Holonomic functions and modular forms brought together by computer algebra
Speaker: Peter Paule, Research Institute for Symbolic Computation (RISC) Johannes Kepler University Linz
Abstract: Holonomic functions and sequences satisfy linear differential and difference equations, respectively, with polynomial coefficients. It has been estimated that holonomic functions cover about 60 percent of the functions contained in the 1964 "Handbook" by Abramowitz and Stegun. A recent estimate says that holonomic sequences constitute about 20 percent of Sloane's OEIS database. The study of these ubiquitous objects traces back to the time of Gauss (at least). Also tracing back to the time of Gauss (at least) are highly non-holonomic objects: modular functions and modular forms with q-series representations arising, for instance, as generating functions of partitions of various kinds. Using computer algebra, the talk connects these two different worlds. Applications concern partition congruences, Fricke–Klein relations, irrationality proofs a la Beukers, or approximations to pi studied by Ramanujan and the Borweins. As a major ingredient to a "first guess, then prove" strategy, a new algorithm for proving differential equations for modular forms is used. The results presented arose in joint work with Silviu Radu (RISC).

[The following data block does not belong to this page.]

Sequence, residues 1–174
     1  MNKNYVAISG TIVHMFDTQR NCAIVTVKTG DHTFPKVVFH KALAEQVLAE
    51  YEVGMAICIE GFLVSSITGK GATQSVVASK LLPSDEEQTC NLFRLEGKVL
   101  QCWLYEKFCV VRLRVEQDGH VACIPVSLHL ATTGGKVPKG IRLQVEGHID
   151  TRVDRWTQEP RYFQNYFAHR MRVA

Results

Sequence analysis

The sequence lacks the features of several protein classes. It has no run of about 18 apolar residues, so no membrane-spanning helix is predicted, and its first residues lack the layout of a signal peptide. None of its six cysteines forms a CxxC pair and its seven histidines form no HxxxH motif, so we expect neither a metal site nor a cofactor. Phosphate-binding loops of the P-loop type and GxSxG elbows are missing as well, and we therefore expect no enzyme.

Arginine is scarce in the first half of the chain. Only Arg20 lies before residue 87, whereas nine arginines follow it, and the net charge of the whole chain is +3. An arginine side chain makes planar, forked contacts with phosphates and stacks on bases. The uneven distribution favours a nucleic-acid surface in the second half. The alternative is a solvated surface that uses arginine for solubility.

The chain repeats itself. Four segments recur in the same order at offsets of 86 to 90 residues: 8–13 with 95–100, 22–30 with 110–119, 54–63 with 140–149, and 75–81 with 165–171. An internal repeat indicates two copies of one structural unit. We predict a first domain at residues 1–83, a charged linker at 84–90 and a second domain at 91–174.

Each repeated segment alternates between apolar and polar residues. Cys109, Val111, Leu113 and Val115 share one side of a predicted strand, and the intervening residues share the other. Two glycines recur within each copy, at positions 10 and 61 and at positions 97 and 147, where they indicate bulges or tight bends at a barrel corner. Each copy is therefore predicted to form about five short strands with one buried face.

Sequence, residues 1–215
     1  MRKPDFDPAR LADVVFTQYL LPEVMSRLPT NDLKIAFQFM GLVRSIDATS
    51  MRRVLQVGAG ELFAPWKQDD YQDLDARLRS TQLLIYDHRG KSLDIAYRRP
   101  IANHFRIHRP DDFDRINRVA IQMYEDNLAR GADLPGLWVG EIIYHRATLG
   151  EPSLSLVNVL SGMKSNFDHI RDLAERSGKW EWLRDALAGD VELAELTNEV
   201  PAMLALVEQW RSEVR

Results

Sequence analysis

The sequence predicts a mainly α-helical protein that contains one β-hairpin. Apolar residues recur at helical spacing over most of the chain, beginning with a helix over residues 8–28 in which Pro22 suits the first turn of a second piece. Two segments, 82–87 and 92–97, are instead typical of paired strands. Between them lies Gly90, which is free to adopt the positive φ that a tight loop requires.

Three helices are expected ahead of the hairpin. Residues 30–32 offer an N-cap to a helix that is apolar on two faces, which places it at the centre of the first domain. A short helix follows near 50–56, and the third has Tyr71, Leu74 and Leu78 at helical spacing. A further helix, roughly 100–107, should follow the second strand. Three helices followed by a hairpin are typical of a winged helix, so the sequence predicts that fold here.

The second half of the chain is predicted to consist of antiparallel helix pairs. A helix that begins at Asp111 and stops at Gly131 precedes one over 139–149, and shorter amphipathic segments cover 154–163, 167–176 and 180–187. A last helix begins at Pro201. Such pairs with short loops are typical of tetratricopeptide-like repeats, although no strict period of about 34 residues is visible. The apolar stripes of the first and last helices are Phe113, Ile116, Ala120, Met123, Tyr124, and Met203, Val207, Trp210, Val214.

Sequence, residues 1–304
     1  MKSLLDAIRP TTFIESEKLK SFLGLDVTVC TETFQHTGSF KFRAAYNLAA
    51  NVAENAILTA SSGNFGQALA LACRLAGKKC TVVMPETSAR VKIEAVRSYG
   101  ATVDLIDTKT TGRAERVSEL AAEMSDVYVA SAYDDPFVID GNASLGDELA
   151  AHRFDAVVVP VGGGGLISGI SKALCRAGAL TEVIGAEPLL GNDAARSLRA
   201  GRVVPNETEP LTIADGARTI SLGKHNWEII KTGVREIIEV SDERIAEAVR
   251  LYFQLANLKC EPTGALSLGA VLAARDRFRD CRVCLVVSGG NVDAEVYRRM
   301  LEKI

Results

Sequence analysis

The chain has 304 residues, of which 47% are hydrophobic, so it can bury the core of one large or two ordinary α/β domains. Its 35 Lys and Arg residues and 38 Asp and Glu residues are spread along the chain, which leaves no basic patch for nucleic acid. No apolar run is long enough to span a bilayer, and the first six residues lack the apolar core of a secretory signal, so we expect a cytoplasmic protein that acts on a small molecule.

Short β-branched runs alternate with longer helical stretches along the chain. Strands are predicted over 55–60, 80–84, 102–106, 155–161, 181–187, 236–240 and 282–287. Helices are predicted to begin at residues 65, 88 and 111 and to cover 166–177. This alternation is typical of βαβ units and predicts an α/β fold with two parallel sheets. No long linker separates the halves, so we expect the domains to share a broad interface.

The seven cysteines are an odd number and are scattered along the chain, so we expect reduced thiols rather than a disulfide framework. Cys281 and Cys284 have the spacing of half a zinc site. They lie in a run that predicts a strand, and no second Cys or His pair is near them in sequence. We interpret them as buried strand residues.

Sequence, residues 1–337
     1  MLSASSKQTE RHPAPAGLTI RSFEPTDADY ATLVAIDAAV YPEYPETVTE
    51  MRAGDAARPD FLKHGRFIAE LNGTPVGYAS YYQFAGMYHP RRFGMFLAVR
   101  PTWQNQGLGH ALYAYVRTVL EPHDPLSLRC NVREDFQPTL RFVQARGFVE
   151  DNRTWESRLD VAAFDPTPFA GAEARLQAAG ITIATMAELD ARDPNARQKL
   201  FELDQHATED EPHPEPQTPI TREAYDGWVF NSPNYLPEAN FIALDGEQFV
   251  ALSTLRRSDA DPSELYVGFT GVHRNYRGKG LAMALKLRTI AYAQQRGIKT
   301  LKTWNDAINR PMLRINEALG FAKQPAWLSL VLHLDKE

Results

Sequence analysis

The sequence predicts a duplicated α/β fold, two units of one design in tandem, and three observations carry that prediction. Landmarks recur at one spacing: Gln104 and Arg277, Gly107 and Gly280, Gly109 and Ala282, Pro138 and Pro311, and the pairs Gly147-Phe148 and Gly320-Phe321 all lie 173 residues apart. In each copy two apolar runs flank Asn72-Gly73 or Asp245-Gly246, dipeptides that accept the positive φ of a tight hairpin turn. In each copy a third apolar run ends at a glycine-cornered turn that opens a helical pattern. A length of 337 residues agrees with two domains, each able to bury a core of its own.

Room Reservation Information
Room Number: 114 McAllister
Time: 11:00am - 12:00pm